Shell has agreed to pay approximately 95 million euros to communities in southern Nigeria for crude leaks in 1970, according to the corporation and the community’s lawyer on Wednesday.
The verdict is the latest in a series involving OPEC member Nigeria’s oil-producing south, where local populations have long battled legal fights over oil spills and environmental damage.
“The order for payment of 45.9 billion naira ($111 million, 94.9 million euros) to the claimants is for complete and final satisfaction of the judgment,” stated a local representative for Shell Petroleum Development Company of Nigeria.
The ruling was confirmed by lawyer Lucius Nwosu, who represents the Ejama-Ebubu community in Rivers State.
“They ran out of tricks and chose to settle,” the lawyer explained. “The ruling vindicates the community’s tenacity in seeking justice.”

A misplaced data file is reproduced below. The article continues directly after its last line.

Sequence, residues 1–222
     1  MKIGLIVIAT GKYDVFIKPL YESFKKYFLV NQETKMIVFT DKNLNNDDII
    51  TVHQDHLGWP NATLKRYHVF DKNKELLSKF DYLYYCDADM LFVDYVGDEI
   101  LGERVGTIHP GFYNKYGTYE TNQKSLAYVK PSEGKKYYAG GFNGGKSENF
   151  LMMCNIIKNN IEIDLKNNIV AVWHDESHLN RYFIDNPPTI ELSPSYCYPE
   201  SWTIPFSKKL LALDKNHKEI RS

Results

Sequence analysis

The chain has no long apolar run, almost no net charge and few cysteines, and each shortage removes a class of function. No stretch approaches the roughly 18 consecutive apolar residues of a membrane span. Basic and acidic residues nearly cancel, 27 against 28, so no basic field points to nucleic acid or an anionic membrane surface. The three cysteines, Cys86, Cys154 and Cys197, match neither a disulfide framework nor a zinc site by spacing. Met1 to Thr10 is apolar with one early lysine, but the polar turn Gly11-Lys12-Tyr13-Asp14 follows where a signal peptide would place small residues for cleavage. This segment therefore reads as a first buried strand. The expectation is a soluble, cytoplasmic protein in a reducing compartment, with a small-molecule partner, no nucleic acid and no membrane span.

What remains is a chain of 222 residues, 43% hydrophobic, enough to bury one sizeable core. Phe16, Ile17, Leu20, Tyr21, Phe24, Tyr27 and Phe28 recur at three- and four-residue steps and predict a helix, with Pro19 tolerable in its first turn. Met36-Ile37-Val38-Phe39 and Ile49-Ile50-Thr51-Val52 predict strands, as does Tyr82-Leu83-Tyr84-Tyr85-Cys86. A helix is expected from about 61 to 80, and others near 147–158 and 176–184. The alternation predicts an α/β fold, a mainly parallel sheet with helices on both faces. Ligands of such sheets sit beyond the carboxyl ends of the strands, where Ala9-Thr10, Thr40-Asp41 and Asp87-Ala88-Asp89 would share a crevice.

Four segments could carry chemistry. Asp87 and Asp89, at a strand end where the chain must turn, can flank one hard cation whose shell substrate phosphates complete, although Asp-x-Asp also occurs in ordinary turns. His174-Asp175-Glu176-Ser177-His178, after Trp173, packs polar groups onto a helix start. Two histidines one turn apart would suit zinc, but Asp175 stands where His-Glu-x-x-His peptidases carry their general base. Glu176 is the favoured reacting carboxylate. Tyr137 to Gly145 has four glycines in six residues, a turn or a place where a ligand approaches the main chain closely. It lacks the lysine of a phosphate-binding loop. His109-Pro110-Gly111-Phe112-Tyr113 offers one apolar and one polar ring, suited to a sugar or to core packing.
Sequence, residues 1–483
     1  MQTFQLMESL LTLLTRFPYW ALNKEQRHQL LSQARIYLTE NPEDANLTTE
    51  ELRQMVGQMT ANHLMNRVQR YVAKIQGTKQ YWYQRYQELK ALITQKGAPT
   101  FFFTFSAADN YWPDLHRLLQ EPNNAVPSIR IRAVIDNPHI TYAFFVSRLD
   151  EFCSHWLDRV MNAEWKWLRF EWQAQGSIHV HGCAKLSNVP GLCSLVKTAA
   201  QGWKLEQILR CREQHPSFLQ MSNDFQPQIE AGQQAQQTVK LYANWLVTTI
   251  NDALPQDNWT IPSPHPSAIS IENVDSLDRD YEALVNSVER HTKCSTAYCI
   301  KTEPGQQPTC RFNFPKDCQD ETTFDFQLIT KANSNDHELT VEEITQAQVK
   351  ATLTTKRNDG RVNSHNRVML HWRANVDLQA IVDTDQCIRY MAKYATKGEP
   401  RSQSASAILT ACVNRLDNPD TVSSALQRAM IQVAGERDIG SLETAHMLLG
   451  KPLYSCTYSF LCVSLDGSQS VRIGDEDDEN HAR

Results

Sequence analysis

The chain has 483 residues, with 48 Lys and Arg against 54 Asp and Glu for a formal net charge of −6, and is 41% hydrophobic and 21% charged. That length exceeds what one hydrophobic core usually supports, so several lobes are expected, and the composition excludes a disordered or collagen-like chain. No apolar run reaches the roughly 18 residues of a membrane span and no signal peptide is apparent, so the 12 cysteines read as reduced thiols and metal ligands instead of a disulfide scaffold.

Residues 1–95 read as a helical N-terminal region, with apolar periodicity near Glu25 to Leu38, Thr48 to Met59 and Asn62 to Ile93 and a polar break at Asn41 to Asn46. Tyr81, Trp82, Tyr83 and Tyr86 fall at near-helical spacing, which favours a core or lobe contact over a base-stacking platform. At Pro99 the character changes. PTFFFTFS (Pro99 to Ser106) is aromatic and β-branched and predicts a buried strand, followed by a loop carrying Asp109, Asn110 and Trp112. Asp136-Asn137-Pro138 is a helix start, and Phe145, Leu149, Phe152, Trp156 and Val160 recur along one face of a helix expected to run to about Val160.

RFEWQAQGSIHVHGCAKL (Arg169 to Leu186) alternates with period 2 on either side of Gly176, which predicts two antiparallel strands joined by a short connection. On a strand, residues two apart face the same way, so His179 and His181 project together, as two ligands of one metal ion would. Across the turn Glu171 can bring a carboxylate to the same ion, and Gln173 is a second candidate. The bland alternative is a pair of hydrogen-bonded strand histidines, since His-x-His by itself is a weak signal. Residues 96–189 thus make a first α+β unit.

The business claimed that the spills were caused by third parties during Nigeria’s 1967-1970 civil war, when oil pipelines and equipment were severely damaged.
“It confirms our concerns about Shell’s environmental devastation of Ogoni and the necessity for proper land remediation,” the MOSOP organization for the local Ogoni people responded.
After a 13-year legal struggle, a Dutch court ordered Shell to compensate Nigerian farmers for spills that damaged much of their land in the Niger Delta.
Shell was ordered by the court to compensate three of the four farmers who filed the action in 2008. The litigation has dragged on for so long that two Nigerian farmers have died since it was filed.